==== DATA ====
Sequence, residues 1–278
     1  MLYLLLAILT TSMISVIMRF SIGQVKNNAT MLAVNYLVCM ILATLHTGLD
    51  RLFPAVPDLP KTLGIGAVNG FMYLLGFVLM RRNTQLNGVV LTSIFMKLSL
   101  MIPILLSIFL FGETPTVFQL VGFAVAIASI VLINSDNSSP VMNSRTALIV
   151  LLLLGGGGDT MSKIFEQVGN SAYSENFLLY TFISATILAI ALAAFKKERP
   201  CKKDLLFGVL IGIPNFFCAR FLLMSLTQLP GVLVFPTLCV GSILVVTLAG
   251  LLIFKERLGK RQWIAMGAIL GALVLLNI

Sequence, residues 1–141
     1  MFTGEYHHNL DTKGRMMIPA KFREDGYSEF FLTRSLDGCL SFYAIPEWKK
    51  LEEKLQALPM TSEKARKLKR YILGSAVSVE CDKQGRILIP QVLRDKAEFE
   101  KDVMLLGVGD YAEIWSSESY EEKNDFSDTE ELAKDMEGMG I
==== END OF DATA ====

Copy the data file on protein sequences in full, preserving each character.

Sequence, residues 1–278
     1  MLYLLLAILT TSMISVIMRF SIGQVKNNAT MLAVNYLVCM ILATLHTGLD
    51  RLFPAVPDLP KTLGIGAVNG FMYLLGFVLM RRNTQLNGVV LTSIFMKLSL
   101  MIPILLSIFL FGETPTVFQL VGFAVAIASI VLINSDNSSP VMNSRTALIV
   151  LLLLGGGGDT MSKIFEQVGN SAYSENFLLY TFISATILAI ALAAFKKERP
   201  CKKDLLFGVL IGIPNFFCAR FLLMSLTQLP GVLVFPTLCV GSILVVTLAG
   251  LLIFKERLGK RQWIAMGAIL GALVLLNI

Sequence, residues 1–141
     1  MFTGEYHHNL DTKGRMMIPA KFREDGYSEF FLTRSLDGCL SFYAIPEWKK
    51  LEEKLQALPM TSEKARKLKR YILGSAVSVE CDKQGRILIP QVLRDKAEFE
   101  KDVMLLGVGD YAEIWSSESY EEKNDFSDTE ELAKDMEGMG I